In the right-wing magazine Compact, Jürgen Elsässer, a writer who speaks at Pegida events, issued a call to arms to Germany's armed forces to resist the government. "In this situation, it is up to you, soldiers of the Bundeswehr: Fulfill your oath and protect the German people and the liberal and democratic order! Occupy the border stations, above all the border train stations, and close all possible crossings, particularly from the South. Don't wait for orders from above!"
At the very least, the movement is conducting "discursive arson," warns political scientist Vorländer, adding that Pegida is "paving the way" for more radical behavior. In a current situation report, the Federal Criminal Police Office (BKA), Germany's answer to the FBI, writes that agitation from the right is having a "catalyzing effect." During the first nine months of this year, the BKA registered more than 400 attacks on asylum-seeker hostels. For all of 2014, there were only around 200 such attacks.
The path from words to actions appears to be getting shorter and shorter, as illustrated by Pegida's "We'll help build the border" initiative. Announced for the first time in early October in the Saxon town of Sebnitz -- a place that is also the site of anti-refugee protests -- the action is expected to continue in Bavaria. Hundreds of "wire mesh fence" enthusiasts have set up an event using Facebook for Nov. 8 to seal off the German border on their own. One of the ringleaders is Michael Viehmann, a former supermarket worker from the western city of Kassel, who was also involved in the protests in Sebnitz. November 8, it should be noted, was the date that Adolf Hitler launched his failed "Beer Hall Putsch" in 1923.
Last year, Viehmann established a Pegida offshoot in a western German state. He is also known to have participated in "Hooligans against Salafists" events in the past and became the subject of a criminal complaint after posting hate speech on the web. He allegedly incited against Jews on Facebook and blustered that, hopefully, "soon a revolution will break out and the whole pack of German politicians will have their skulls bashed in."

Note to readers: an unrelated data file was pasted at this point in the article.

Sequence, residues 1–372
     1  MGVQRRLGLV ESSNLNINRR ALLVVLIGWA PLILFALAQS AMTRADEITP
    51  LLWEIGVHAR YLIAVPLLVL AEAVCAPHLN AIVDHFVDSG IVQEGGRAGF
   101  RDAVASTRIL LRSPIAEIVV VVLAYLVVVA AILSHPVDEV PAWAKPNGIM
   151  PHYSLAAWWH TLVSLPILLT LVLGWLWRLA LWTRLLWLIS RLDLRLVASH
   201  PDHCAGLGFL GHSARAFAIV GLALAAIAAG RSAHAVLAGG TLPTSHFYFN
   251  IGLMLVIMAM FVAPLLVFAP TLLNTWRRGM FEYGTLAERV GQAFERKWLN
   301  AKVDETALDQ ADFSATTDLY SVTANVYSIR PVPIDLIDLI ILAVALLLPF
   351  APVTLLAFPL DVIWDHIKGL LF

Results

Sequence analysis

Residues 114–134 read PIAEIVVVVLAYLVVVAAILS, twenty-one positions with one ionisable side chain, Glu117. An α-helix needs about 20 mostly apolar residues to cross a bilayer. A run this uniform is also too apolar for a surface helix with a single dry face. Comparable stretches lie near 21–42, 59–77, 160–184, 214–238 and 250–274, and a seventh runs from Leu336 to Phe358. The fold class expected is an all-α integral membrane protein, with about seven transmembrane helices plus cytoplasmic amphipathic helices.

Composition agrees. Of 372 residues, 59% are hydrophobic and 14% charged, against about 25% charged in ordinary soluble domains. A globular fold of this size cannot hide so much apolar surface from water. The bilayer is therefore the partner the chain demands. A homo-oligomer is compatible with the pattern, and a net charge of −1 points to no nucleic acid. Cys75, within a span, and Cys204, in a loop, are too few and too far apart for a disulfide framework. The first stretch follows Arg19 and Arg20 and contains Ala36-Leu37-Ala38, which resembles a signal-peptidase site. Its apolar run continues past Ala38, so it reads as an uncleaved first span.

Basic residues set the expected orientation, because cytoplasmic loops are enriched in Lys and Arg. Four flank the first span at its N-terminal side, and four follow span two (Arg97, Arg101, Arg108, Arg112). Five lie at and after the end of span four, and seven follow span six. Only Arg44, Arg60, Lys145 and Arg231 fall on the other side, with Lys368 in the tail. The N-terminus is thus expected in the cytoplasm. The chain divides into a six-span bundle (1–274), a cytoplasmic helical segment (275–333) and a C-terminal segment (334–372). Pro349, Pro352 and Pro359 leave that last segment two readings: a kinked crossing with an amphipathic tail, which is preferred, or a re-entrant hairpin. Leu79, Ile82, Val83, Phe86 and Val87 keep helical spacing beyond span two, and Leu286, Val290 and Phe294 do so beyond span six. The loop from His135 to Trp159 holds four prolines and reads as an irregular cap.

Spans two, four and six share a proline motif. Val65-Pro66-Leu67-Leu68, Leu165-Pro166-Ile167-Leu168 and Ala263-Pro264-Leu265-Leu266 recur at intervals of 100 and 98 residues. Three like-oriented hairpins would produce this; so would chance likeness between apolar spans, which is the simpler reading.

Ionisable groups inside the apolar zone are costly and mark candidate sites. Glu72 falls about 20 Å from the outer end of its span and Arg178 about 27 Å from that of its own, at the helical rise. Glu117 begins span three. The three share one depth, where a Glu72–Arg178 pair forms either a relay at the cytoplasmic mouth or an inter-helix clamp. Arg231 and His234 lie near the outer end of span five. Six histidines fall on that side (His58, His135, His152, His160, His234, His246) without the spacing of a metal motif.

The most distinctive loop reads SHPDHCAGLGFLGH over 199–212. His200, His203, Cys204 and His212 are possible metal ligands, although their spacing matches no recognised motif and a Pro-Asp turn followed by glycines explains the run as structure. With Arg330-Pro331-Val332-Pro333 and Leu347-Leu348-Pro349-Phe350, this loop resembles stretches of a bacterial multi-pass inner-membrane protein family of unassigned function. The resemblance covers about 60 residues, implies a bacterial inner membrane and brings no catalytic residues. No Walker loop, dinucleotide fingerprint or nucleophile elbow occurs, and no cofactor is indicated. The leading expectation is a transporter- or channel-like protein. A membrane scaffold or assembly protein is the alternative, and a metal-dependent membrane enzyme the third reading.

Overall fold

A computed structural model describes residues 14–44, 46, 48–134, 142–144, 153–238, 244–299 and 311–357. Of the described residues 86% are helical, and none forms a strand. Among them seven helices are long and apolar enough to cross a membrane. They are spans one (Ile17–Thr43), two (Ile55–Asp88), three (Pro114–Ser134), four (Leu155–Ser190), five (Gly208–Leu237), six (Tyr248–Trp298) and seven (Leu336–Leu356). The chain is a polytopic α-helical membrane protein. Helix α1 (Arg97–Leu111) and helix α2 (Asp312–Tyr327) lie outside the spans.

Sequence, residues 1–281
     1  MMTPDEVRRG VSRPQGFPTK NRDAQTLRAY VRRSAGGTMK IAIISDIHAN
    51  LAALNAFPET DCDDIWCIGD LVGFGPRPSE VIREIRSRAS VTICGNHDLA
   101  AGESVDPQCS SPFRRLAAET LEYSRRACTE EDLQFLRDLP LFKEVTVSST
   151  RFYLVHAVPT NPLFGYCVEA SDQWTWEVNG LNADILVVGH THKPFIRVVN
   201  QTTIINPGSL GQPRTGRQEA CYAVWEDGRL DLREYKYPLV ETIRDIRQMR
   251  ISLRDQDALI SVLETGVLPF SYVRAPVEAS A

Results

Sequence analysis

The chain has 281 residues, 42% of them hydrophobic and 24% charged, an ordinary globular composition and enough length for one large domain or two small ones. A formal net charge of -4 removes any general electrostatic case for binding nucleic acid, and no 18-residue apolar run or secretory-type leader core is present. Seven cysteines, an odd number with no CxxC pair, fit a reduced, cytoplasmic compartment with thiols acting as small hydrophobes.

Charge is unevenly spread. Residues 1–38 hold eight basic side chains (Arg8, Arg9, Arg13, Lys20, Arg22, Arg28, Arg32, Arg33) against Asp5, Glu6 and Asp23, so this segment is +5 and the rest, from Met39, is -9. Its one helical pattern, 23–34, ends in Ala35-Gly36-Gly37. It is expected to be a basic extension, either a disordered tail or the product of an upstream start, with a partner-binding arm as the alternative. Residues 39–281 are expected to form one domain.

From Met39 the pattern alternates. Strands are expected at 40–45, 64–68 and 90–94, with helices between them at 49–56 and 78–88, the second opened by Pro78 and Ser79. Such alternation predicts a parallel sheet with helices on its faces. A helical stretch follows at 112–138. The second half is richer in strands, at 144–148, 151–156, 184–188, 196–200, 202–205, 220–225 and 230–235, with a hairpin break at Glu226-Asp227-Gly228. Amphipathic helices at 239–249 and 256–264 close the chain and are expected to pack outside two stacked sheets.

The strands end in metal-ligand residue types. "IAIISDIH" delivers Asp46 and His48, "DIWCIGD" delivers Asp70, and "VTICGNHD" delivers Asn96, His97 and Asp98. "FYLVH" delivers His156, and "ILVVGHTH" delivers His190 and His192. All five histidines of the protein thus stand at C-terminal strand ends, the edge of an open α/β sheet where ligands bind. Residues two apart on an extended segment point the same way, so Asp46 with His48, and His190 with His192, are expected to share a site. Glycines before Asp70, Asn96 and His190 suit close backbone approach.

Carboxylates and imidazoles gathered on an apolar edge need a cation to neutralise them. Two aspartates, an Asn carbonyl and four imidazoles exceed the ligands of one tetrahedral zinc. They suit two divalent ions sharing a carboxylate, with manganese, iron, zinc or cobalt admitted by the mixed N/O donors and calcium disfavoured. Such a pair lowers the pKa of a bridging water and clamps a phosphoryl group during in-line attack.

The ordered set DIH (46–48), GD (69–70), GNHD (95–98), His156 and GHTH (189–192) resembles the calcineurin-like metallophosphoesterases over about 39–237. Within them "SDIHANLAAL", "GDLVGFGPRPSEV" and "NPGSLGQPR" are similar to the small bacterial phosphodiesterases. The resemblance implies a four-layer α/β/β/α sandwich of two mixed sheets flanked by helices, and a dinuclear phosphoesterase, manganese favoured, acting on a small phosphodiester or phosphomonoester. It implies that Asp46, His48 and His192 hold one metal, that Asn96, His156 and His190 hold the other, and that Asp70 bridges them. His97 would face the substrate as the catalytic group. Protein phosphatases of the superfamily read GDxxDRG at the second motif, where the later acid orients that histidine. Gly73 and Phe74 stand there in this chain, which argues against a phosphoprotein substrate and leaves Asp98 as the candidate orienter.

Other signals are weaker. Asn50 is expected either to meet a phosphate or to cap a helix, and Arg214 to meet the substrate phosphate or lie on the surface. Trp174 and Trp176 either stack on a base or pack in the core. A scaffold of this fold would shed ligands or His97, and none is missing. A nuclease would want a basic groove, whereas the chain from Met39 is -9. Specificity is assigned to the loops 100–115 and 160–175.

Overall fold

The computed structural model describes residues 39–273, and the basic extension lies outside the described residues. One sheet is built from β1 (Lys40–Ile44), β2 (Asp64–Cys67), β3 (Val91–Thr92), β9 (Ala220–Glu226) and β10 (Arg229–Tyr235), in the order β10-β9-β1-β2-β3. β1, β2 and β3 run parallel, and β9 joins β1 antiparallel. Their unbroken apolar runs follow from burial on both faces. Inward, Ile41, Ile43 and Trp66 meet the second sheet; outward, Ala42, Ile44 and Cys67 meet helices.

Flirting with Neo-Nazis
Viehmann appealed and a local court must now decide the case. But his past didn't do much to halt his rise within the allegedly peaceful protest movement. On the contrary, Viehmann is now part of Pegida Germany's inner circle.
The degree with which Pegida is blurring the lines between itself and extremist right-wing groups is apparent in its offshoots in the states of North Rhine-Westphalia, Thuringia and Saxony-Anhalt, which have long been dominated by neo-Nazis. Munich, where a Pegida association was established earlier this year "to promote the rights of civilians," provides another example. The Federal Prosecutor's Office in Karlsruhe has opened an investigation into the head of the Munich group, Heinz Meyer, under the suspicion of establishing a terrorist organization. Meyer, who says the accusation is "baseless," is believed to have had contact with Martin Wiese, a notorious neo-Nazi and convicted right-wing terrorist.
Even apart from Meyer, members of Pegida in Bavaria don't seem terribly discerning when it comes to choosing their leaders. Other members of the Munich Pegida board include a former candidate for the federal parliament with the xenophobic, neo-Nazi and anti-Semitic National Democratic Party of Germany (NPD) and an old friend of Michael Stürzenberger, a key figure in the anti-Islam blog Politically Incorrect, (PI) known for the increasingly rabid methods he uses to incite his readers.
Last week, Politically Incorrect called on its readers to hunt down Angela Merkel, "the monster." It said all German citizens should blow into whistles or horns each day at 6 p.m. and to chant "Merkel must go!" The people behind Politically Incorrect say the "resistance" follows in the tradition of attempted Hitler assassin Claus von Stauffenberg. Like von Stauffenberg, they argue, the question "we" are facing today is: "Do we want to simply look on as our leadership destroys us?"
In Bavaria, officials at the state chapter of Germany's domestic intelligence agency, the Office for the Protection of the Constitution, which monitors extremist activity, are speaking of a "massive verbal escalation" on the part of the anti-Muslim scene. The agency found it of particular concern that that the right-wing extremists had clearly begun reaching previously untainted people with their "campaigns of hate." This group, too, could become a future source of "xenophobia-inspired attacks," they warn. The closing of ranks between right-wing extremist parties and German citizens irate over the refugee influx is a phenomenon that is worrying officials at virtually every domestic intelligence agency in the country. Now officials at the Federal Office for the Protection of the Constitution are hoping to find ways to track down ringleaders of the NPD and other neo-Nazi parties like Die Rechte ("the Right") and The Third Way and to find ways to unsettle the scene.
"Something is heading our way," says one high-ranking member of German domestic intelligence. "We need to try and stop it."
By Maik Baumgärtner, Maximilian Popp, Jörg Schindler and Wolf Wiedmann-Schmidt